Michelle Williams in a still from Wendy And Lucy
Full disclosure: Earlier this year, I was elected the vice-president and secretary of the Toronto Film Critics Association, so it's with considerable pride that I direct your attention to the announcement earlier this week of our 2008 awards.
I've been a champion of Kelly Reichardt's Wendy And Lucy since I saw it at Cannes earlier this year, so it's my pleasure to be part of an organization that named it the year's Best Picture, and honoured Michelle Williams' exceptional work with the Best Female Performance award it deserves.
Honestly, though, I'd have been entirely fine with either of the Best Picture runners-up, Rachel Getting Married and WALL*E, winning the day - and WALL*E did fine for itself, claiming Best Animated Feature.
Can't really argue with the acting nods to Mickey Rourke and Heath Ledger; their work in The Wrestler and The Dark Knight is amazing. And Rosemarie DeWitt's supporting turn in Rachel Getting Married grew even more impressive when someone told me I'd first encountered DeWitt as Mad Men's boho goddess Midge earlier this year. (I had no idea that was the same person.)
The screenwriting and directing awards for Rachel Getting Married seem eminently reasonable, too; a lot of that film's success is wrapped up in the way Jonathan Demme navigates the dramatic landscape that Jenny Lumet had laid out for him. And while I'm not quite as over the moon about Man On Wire as some of my colleagues, it's a fine selection for Best Documentary Feature.
If you have a chance to catch our Best First Feature and Best Foreign-Language Film winners on a big screen in the weeks to come, take it. Both Ballast and Let The Right One In are sterling examples of their chosen genres; Lance Hammer's desolate Mississippi Delta drama brings the austerity of Robert Bresson into the widescreen present, while Tomas Alfredson's eerie, almost crushingly intimate tale of a bullied boy and the winsome vampire next door finds a new spin on an old narrative.
Still left to be decided is our Canadian prize, which is to be voted on just before our big awards dinner in the New Year. The contenders are Stéphane Lafleur's Continental: A Film Without Guns, Guy Maddin's My Winnipeg and Yung Chang's Up The Yangtze.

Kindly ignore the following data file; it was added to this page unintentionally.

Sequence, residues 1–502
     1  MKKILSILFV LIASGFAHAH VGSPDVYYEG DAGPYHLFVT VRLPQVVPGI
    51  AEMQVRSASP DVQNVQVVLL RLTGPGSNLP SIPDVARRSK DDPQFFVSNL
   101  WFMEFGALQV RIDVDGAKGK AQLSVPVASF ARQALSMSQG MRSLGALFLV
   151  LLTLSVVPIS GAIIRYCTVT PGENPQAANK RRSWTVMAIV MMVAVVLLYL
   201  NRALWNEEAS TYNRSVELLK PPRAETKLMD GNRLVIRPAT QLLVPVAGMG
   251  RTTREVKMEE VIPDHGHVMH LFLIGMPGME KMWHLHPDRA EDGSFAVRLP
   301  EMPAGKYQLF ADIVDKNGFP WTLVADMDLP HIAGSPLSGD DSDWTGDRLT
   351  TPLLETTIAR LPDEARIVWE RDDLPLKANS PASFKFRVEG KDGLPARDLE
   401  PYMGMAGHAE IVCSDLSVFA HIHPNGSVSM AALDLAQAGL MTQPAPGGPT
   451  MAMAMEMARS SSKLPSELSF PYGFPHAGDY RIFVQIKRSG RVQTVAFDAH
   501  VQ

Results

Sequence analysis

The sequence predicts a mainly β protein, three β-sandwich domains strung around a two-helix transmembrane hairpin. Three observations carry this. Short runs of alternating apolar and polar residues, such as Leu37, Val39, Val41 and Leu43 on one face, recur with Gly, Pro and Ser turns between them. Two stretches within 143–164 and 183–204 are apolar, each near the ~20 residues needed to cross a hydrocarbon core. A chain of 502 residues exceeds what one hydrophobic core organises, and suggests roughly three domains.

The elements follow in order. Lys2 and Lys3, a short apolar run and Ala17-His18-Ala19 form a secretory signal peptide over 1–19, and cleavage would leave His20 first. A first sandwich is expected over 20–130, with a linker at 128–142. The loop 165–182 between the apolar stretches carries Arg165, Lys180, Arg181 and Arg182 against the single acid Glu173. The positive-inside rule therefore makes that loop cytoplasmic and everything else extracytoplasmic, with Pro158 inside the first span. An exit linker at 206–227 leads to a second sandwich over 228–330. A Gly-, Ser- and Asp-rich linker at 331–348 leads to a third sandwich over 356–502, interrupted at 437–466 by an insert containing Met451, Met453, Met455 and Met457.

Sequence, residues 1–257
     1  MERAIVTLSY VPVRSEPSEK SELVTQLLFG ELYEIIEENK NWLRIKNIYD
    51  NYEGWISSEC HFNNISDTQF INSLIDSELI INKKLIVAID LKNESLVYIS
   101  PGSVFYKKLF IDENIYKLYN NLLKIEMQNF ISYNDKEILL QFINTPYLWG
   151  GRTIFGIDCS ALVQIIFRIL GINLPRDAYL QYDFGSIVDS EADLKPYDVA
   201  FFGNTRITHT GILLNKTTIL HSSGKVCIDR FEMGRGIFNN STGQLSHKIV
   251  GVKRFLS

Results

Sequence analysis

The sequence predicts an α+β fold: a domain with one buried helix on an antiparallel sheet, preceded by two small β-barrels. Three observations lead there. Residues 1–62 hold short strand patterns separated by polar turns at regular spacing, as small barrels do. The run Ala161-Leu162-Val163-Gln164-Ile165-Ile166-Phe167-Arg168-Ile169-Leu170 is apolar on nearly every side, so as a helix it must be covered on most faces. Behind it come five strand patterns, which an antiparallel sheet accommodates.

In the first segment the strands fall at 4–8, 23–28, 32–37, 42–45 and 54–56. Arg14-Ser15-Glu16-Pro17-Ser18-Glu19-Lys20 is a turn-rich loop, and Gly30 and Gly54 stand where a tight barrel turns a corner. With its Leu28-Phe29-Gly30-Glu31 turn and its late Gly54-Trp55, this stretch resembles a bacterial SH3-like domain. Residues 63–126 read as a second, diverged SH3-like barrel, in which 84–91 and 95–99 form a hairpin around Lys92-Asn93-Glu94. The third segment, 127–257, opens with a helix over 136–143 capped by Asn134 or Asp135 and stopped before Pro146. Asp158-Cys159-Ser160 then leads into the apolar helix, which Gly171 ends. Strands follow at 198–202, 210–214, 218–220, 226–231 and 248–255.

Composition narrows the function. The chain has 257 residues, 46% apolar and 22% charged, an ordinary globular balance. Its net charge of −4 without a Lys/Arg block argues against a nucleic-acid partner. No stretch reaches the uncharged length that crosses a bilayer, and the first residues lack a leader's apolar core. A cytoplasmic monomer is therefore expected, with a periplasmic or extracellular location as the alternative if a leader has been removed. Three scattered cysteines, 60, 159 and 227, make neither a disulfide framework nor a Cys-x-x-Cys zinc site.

What, you were expecting Passchendaele or Blindness to elbow their way onto the short list? Or even, ahem, Toronto Stories? No luck there. But I must admit I was surprised that none of those made it onto Canada's Top Ten, which was announced on the same day as the TFCA's winners.
Administered by the Toronto International Film Festival Group, and voted on by a selection of filmmakers, critics and industry professionals - including, this year, NOW's own Associate Entertainment Editor, Glenn Sumi - Canada's Top Ten works a little differently.
It's somewhat more boosterish than a critics' organization, frequently endorsing films before they've opened to the public. (All three of the TFCA's Canadian Film nominees appeared on the 2007 Top Ten, but didn't open commercially in Toronto until 2008.) And it tends to favour, well, favourites; when David Cronenberg, Atom Egoyan, Denys Arcand, Deepa Mehta or Bruce McDonald makes a movie, it usually ends up making the list; in fact, I can't think of an occasion when one hasn't.
Therefore, it's doubly surprising when titles like Blindness and Passchendaele - the most incessantly hyped Canadian productions at Cannes and Toronto, respectively - fail to register. Pushback from jurors tired of being ordered to support local talent? Or just a flat refusal to consider movies that don't merit inclusion on any list purporting to evaluate quality? Either way, it was the right choice, and the list is better for it.
Adoration is still on it, but, you know. Baby steps.
In addition to organizing the Canada's Top Ten vote, the TIFF Group does lots of other stuff, too - like running the Sprockets children's film festival every spring. Sprockets is currently taking applications from kids aged 8 to 12 to sit on its Young People's Juries; the festival is also accepting submissions from Ontario student filmmakers (grades 3 through 12) for the Jump Cuts Young Filmmakers Showcase. Full details and entry forms are available at sprockets.ca.
Oh, and if your family's nonstop holiday merry-making has put you in a stabbier mood than usual, drop by the Bloor Cinema at 9:30 pm Tuesday (December 23) for a screening of the 1980 slasher chestnut Christmas Evil. (Director Lewis Jackson will be in attendance with rare deleted scenes.) I don't know about you, but nothing fills me with cheer faster than watching a horror movie with a hundred or so really enthusiastic companions.
Well, Die Hard works, too. But they ran that last week.